More information, including the NSE directory, catalogs from member universities, videos, and application materials may be obtained from The Honors College, (323) 343-5973.

Early Entrance Program

Program Overview and Admissions Requirements

The Early Entrance Program provides the opportunity for highly gifted students to begin their college studies early at CSULA, and offers them the support, guidance and counseling necessary to prepare them for success at the university level. Most of the EEP students bypass high school. EEP students are recruited through the biannual Search for Exceptional Academic Achievement (SEAA) talent search and through qualifying scores on college entrance exams such as the SAT and ACT. Top scoring students who are younger than 16 years old but who are at least 11 years old at the start of the summer quarter for which they would be provisionally admitted may be invited to apply for admission to the Early Entrance Program. The main criteria for EEP selection include need for academic acceleration, maturity, motivation, and readiness for early college admission. Admission is based on a holistic assessment of the student’s overall academic performance administered by the program director, personal interview of the applicants and their parents, and the completion of a provisional quarter of study. Those students whose academic and personal performances are judged adequate and appropriate during the provisional summer quarter and who receive final approval from the Admissions Committee, the Honors College, and the Office of Undergraduate Studies are admitted as matriculated students for the fall quarter.

Upon admission, EEP students are assigned to a class cohort that is enrolled in special EEP classes for their first year and are required to attend regular meetings with EEP staff, participate in scheduled EEP activities, and maintain enrollment as full-time, degree-seeking undergraduates. EEP students are responsible for tuition identical to other CSU students and are eligible for financial aid and scholarship assistance. EEP students are eligible to apply for junior entry to the Honors College. For further information please contact the EEP Office at (323) 343-2287, Fax (323) 343-5575, or visit www.calstatela.edu/academic/eep.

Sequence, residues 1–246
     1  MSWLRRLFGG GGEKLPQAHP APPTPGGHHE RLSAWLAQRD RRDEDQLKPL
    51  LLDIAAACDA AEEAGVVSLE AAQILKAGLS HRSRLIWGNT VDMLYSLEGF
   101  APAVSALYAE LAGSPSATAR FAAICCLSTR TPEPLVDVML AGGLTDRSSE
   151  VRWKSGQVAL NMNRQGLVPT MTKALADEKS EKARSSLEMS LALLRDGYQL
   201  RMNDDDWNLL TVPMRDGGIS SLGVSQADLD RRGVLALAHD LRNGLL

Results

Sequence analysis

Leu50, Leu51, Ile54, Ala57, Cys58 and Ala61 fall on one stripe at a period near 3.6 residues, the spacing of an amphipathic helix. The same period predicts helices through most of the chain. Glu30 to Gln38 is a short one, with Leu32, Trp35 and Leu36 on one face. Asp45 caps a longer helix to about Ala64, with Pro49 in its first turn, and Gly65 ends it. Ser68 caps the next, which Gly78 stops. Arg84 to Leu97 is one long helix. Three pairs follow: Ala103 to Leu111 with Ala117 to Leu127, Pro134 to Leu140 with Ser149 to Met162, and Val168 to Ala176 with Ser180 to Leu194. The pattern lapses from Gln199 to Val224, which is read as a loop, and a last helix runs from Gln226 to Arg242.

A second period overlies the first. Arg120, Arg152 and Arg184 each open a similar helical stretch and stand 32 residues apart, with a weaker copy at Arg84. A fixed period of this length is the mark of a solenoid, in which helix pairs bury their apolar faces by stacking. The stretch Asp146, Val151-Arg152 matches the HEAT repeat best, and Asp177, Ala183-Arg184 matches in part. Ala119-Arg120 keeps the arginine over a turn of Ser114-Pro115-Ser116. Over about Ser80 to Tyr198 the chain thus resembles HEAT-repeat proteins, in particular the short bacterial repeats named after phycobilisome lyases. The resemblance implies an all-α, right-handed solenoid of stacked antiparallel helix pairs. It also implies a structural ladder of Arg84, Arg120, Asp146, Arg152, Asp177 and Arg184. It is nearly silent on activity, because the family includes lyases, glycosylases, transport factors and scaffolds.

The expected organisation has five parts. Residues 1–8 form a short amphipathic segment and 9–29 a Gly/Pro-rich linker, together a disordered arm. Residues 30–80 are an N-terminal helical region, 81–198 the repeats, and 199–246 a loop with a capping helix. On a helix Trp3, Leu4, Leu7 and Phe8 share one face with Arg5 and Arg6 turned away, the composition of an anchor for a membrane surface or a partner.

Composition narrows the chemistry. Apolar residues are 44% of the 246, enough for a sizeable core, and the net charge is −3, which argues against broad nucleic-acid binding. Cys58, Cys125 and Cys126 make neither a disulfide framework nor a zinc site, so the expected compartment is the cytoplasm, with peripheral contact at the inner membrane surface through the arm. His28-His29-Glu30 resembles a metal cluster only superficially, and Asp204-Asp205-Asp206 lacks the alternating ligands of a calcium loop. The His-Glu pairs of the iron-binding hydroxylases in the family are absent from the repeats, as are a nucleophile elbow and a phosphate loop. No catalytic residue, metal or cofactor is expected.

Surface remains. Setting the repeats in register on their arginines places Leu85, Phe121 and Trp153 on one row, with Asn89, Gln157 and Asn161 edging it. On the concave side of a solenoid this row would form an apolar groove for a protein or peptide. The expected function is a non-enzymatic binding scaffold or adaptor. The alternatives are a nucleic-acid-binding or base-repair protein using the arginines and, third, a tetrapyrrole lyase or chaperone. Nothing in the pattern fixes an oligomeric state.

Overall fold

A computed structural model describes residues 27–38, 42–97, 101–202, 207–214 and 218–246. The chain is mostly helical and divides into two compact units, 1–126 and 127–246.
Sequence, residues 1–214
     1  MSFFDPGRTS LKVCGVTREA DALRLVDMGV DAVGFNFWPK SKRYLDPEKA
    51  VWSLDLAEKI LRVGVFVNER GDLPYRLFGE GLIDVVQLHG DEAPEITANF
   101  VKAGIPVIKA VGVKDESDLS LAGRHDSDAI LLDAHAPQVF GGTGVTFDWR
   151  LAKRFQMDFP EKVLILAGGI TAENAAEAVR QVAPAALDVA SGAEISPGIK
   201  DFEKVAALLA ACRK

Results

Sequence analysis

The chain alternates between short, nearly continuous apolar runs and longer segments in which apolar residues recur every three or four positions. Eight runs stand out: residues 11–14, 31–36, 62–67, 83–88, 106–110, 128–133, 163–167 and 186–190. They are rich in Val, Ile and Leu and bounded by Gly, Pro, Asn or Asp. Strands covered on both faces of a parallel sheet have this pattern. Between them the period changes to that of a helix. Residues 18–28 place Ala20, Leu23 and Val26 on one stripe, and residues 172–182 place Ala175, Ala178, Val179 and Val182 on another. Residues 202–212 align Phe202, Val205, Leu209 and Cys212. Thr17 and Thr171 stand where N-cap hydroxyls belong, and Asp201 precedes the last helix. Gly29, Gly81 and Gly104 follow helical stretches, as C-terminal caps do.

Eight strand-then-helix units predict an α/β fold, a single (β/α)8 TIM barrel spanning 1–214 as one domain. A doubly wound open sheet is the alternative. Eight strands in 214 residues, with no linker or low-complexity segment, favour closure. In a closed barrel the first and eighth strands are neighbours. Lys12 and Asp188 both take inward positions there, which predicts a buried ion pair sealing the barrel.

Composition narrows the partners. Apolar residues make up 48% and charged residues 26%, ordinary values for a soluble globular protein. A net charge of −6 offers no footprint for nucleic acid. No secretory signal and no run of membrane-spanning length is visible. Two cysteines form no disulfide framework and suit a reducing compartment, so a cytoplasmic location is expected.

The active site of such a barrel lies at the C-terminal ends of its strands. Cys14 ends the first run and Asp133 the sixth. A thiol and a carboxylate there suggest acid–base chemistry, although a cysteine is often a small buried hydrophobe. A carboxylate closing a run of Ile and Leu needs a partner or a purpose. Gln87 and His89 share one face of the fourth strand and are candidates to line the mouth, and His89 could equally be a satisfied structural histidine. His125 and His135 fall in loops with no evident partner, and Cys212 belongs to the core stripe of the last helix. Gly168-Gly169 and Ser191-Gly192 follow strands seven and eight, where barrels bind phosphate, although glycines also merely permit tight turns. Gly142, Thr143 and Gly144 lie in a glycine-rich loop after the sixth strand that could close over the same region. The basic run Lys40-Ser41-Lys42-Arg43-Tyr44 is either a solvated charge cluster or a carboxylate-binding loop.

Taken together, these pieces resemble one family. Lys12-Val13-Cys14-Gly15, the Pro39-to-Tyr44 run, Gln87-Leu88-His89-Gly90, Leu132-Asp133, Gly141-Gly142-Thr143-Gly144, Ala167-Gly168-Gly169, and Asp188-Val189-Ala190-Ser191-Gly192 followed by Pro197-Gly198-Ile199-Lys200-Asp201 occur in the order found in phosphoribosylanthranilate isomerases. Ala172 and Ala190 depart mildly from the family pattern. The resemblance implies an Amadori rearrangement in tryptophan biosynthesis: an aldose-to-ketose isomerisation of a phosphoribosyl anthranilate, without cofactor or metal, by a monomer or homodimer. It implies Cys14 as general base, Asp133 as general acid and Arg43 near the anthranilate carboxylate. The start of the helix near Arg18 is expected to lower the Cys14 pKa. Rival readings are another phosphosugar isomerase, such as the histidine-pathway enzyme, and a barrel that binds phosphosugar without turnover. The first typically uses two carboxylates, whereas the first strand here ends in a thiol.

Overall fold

The EEP Curriculum

The EEP curriculum is designed to meet both the traditional requirements of a high school diploma (GED) and the specific requirements for a baccalaureate degree (B.A. or B.S.) from CSULA. Accordingly, students are required to complete the enhanced General Education curriculum specified below, in addition to completing the requirements for their selected major, as well as all other university graduation requirements. With approval of the Director of the EEP and the Director of the Honors College, students may substitute equivalent courses for these requirements. Prior to the completion of 90 units in the program, students must declare a major and meet with an advisor in their major department to determine the requirements for that major.

EEP GE and University Requirements (97-105 units)

Introduction to Higher Education and Life Long Learning and Self- Development (4 units)


English Language Communication and Critical Thinking (16 units)


American Institutions (12 units)



Scientific Inquiry and Quantitative Reasoning (21 units)


Humanities (16 units)


With advisor approval, students select 8 additional units in humanities courses from Block C

Social Sciences (16 units)

With advisor approval, students select 8 additional units in social science courses from Block D

Upper Division Theme (12)

Students are required to complete a 12-unit upper division theme as part of the General Education Program. Students select one of the nine available themes and complete three courses, one in each of the natural sciences and mathematics, social sciences, and humanities areas. (See the description of the G.E. Upper Division Themes in the Undergraduate Studies section of the catalog.)

Diversity Requirement (0-8 units)

Students must complete two courses certified as diversity courses. These courses may be completed at either the lower division or upper division level from among the courses satisfying general education requirements in blocks C, D, or F. Diversity courses are designated with a (d) by each course.